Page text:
"Who is it, then?" I asked.

"The manager, in collusion with the guard, Kasim."

When the Inspector, having argued out his theory to his own satisfaction, at last departed, I said to Amulya: "If you will tell me who took the money, I promise you no one shall be hurt."

"I did," said he.

"But how can that be? What about the gang of armed men?..."

"It was I, by myself, alone!"

What Amulya then told me was indeed extraordinary. The manager had just finished his supper and was on the verandah rinsing out his mouth. The place was somewhat dark. Amulya had a revolver in each pocket, one loaded with blank cartridges, the other with ball. He had a mask over his face. He flashed a bull's-eye lantern in the manager's face and fired a blank shot. The man swooned away. Some of the guards, who were off duty, came running up, but when Amulya fired another blank shot at them they lost no time in taking cover. Then Kasim, who was on duty, came up whirling a quarterstaff. This time Amulya aimed a bullet at his legs, and finding himself hit, Kasim collapsed on the floor. Amulya then made the trembling manager, who had come to his senses, open the safe and deliver up six thousand rupees. Finally, he took one of the estate horses and galloped off a few miles, there let the animal loose, and quietly walked up here, to our place.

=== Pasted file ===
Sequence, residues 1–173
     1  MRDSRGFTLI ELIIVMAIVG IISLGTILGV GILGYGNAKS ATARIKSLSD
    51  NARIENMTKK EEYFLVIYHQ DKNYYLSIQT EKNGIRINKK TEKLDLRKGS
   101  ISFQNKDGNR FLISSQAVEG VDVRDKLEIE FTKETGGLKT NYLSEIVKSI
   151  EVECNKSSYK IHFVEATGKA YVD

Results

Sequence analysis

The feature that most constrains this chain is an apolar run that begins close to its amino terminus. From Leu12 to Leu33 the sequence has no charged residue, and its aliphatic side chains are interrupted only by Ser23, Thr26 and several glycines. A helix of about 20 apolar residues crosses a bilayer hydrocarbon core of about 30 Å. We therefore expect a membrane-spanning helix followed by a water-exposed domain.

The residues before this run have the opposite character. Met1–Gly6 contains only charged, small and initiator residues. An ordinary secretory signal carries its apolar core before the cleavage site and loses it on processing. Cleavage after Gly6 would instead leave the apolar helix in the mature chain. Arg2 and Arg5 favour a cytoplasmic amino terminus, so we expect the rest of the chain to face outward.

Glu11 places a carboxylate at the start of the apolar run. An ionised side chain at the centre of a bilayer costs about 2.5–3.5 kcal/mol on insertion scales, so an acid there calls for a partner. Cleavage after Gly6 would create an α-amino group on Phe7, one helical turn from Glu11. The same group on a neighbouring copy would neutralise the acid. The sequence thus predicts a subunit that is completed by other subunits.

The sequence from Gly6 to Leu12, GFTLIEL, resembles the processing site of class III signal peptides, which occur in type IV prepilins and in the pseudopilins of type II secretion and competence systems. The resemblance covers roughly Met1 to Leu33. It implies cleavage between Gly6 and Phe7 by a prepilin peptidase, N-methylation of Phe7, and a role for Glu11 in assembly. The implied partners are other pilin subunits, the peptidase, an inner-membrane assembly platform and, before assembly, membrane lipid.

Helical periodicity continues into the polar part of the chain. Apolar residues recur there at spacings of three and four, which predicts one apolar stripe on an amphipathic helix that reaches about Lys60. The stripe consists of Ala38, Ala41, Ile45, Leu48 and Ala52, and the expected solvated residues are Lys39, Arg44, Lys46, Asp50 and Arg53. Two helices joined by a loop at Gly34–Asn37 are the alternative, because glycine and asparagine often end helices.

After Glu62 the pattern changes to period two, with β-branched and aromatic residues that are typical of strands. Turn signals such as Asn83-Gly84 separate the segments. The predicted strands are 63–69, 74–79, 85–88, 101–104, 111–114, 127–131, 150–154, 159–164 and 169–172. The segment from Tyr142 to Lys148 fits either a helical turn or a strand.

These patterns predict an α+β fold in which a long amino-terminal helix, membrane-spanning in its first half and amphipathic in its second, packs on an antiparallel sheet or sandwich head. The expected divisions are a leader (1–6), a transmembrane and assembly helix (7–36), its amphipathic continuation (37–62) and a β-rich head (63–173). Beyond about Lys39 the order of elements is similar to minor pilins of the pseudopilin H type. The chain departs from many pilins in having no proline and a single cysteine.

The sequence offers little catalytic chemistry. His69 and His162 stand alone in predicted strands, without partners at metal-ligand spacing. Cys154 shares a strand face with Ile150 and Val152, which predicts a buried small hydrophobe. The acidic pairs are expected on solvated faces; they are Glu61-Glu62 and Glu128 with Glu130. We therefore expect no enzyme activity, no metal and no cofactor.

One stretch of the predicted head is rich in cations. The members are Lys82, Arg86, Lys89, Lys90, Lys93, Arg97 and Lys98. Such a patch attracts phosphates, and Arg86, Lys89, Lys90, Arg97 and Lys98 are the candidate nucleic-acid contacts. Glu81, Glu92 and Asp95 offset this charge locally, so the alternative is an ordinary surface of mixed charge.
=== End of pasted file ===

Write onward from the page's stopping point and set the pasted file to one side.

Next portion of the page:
"What made you do all this, Amulya?" I asked.

"There was a grave reason, Maharaja," he replied.

"But why, then, did you try to return the money?"

"Let her come, at whose command I did so. In her presence I shall make a clean breast of it."

"And who may 'she' be?"

"My sister, the Chota Rani!"

I sent for Bimala. She came hesitatingly, barefoot, with a white shawl over her head. I had never seen my Bimal like this before. She seemed to have wrapped herself in a morning light.

Amulya prostrated himself in salutation and took the dust of her feet. Then, as he rose, he said: "Your command has been executed, sister. The money is returned."

"You have saved me, my little brother," said Bimal.